Turkish President Recep Tayyip Erdoğan.Reuters
The shooting down of a Russian aircraft by Turkish F-16 fighter jets on Nov. 24 raised the specter of a full-fledged Cold War, since the unprovoked attack was undertaken by a NATO member state. Fortunately, this potential setback in the overall relations between Russia and the West, and the ramping up of hostilities between the U.S.-led and Russia-forged alliances fighting ISIS in Syria and Iraq did not occur, leaving Turkish President Recep Tayyip Erdoğan and his Prime Minister Davutoğlu without unequivocal support, even within the Transatlantic community.
Essentially, the West has appealed to both sides to show restraint. The NATO statement contained a routine assurance of solidarity but stopped short of concrete steps. German Chancellor Angela Merkel called on Erdoğan to urge restraint. UK Foreign Minister Philip Hammond said that no one is interested in a new “mini Cold War.”
U.S. President Barack Obama urged both sides to settle the dispute among themselves. Some Republicans went even further. Dana Rohrabacher, chairman of the House Foreign Affairs Subcommittee on Europe, Eurasia, and Emerging Threats, issued this statement: “If being in NATO means protecting Erdoğan in this situation, either he shouldn’t be in NATO or we shouldn’t.”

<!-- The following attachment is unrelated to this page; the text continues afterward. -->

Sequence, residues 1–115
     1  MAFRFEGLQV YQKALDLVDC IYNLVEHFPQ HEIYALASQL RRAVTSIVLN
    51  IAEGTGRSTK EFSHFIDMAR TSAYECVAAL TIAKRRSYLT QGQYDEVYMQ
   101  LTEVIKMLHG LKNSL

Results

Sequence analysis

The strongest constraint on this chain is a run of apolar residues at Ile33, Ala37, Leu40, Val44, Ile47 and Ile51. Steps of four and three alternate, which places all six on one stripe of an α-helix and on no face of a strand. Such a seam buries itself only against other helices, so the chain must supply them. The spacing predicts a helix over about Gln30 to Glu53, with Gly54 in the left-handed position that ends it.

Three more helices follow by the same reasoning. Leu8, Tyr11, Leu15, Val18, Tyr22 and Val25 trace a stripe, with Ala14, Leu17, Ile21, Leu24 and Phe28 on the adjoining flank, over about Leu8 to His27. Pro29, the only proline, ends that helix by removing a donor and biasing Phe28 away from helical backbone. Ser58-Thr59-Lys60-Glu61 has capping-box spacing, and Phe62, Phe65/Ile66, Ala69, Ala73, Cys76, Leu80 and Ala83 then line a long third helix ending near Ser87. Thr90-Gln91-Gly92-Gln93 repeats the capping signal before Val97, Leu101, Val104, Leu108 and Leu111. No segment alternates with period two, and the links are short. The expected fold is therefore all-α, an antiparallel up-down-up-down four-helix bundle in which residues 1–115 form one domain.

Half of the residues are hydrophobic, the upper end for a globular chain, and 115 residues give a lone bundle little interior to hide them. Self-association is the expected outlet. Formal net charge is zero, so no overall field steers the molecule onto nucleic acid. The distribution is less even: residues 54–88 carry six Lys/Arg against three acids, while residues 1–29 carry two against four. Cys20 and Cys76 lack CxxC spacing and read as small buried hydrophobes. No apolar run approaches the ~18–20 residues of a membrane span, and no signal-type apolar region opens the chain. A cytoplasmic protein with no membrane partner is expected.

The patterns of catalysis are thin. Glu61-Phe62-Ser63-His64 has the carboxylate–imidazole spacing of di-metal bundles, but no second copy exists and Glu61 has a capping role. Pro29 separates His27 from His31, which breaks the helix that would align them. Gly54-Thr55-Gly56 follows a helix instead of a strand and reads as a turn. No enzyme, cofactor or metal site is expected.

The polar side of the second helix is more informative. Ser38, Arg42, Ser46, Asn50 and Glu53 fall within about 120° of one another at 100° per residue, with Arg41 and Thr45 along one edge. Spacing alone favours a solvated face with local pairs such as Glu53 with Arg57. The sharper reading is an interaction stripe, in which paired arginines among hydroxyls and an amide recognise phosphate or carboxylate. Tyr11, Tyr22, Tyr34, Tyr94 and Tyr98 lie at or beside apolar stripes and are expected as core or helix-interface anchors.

Israeli minister of defense Moshe Yaalon noted that such incidents can be handled in civilized way, just like it happened when a Russian aircraft violated Israel’s airspace this week: “Russian planes don’t intend to attack us and therefore there is no need to automatically, even if there is some kind of mistake, shoot them down.”
Notably, the Gulf monarchies, which support the anti-Assad forces in Syria, failed to applaud Turkey for the move.
This raises the question: What might President Erdoğan have had in mind when he gave the order to shoot down the Russian aircraft? Viktor Nadein-Rayevsky, a senior research fellow at the Institute of World Economy and International Relations at the Russian Academy of Sciences, offered his explanation to Troika Report.
“I’m afraid that one of his aims was to ruin the coalition in the making. He knew that Hollande was scheduled to visit Moscow, so the timing of the provocation was determined by this fact.”
“Why did he do it? The business of his son has been hit quiet severely by the Russian bombardment of oil-loaded trucks filled by ISIS and heading toward Turkey. That was the main reason.”
There is no consolidated opinion among Russian political observers on whether the Turkish attack was premeditated by the political and military leadership in Ankara alone, or whether it was a coordinated move with the blessing of other international actors.
The almost inevitable recurrence of “conspiracy theories” prompted Troika Report to approach renowned scholar Andrei Kortunov, director general of the Russian International Affairs Council, for a detailed comment on the dramatic developments.